In a landmark ruling that will have a huge impact on the Super League of Malawi’s future, Competition and Fair Trading Commission (CFTC) has ordered TNM to remove from the Super League sponsorship contract clauses that restrict the Super League of Malawi (Sulom) and clubs from entering into agreements with the mobile company’s competitors.
The order comes after year-long investigations on the league sponsors following complaints that they are engaged in restrictive business practices contrary to Competition and Fair Trading Act.
According to the contract between the two parties, TNM has naming, promotion and advertising rights.
The agreement also restricts Sulom from getting sponsorship, promotional, advertising or similar rights to other persons, firm, company, corporation or body involved or concerned in products and services related or similar to TNM’s.
In a letter to TNM, signed by CFTC executive director Charlotte Wezi Malonda, which Nation on Sunday has seen, the commission says clauses in the Super League sponsorship agreement have negative effect on the development of football in Malawi.
“At its 47th meeting, held on February 3 2017, the CFTC considered the case and made a determination in reference to the Competition and Fair Trading Act. In its determination, the commission established that the sponsorship agreement that TNM signed with Sulom had some clauses that were restrictive and potentially prevented Sulom and football teams participating in the Super League from accessing sponsorship from TNM’s competitors.
“The commission found that while the sponsorship agreement fore-closed football sponsorship as an advertisement platform for TNM competitors, its effect would not likely result in substantial lessening competition in the telecommunication market.
However, the sponsorship agreement was found to likely have negative effect on the development of football in Malawi.
CFTC has also ordered that when renewing the sponsorship, TNM should submit the agreement to the commission for assessment.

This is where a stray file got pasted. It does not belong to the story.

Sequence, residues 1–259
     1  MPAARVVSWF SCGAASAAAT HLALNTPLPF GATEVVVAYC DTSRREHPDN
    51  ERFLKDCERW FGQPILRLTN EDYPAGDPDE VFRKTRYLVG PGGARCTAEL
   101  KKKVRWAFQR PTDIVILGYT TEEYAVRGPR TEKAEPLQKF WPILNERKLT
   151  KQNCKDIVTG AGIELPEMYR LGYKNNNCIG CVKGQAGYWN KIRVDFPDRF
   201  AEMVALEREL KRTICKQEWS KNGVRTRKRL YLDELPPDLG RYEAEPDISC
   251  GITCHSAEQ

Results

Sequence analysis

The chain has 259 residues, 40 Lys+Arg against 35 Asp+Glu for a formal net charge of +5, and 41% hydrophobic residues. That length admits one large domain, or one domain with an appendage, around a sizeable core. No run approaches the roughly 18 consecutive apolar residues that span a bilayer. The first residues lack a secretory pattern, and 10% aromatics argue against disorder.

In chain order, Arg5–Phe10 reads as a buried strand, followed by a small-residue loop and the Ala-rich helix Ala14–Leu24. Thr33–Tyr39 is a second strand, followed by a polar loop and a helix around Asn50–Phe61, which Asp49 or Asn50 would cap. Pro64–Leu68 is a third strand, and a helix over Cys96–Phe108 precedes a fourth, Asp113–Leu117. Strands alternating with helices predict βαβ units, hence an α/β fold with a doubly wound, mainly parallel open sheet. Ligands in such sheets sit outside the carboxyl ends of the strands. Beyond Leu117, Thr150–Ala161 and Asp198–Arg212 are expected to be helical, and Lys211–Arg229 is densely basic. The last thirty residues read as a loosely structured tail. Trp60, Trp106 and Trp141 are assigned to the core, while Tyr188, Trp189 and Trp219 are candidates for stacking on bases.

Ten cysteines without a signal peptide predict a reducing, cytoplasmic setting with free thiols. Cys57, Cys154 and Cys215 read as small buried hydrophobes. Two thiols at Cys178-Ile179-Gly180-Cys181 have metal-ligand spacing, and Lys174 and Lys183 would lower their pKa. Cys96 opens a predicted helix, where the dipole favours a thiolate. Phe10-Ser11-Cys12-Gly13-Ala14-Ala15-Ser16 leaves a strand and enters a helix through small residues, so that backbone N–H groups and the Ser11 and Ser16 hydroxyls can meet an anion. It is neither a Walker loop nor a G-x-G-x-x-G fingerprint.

“The commission, therefore, orders that: TNM should follow international best practice in this sponsorship of the Super League of Malawi. In this regard, in the event that the two parties agree to renew the sponsorship, the agreement should be submitted to the CFTC for assessment of compliance with the Competition and Fair Trade Act,” reads the letter.
“The Sports Council of Malawi should consider developing guidelines for sports sponsorship, particularly football, taking into consideration best practices from other jurisdictions to prevent sponsors from taking advantage of the weak bargaining power of sponsorship recipient.”
TNM’s five-year contract expires at the end of the 2017 season and the mobile company already pleged another 10 years of sponsorship.
When contacted for comment, TNM senior manager responsible for public relations Akossa Mphepo said they would wait for the full report which Competition and Fair Trading Commission is expected to submit to them within eight days.
“The commission’s determination full report is to be out eight days from issue of this letter as you can see,” she said.
But clubs have since welcomed the determination saying it would free them from the bondage that prevented them from entering into deals with potential sponsors.
“I think this has come at an opportune time when Sulom will be negotiating the renewal of the contract.
This will help them bargain for changes to the agreement. I also support the involvement of the Malawi National Council of Sports in sponsorship negotiations. It
seems Sports Council went into a slumber and never bothered to check what was happening, yet they get a share from gate collections,” said Silver Strikers general secretary Thabo Chakaka- Nyirenda.
Sulom general secretary Williams Banda said they would comment after getting the full report.
“CFTC should highlight the articles that are not fair first. We will wait for the report. For ease of reference and also how to rephrase them,” he said.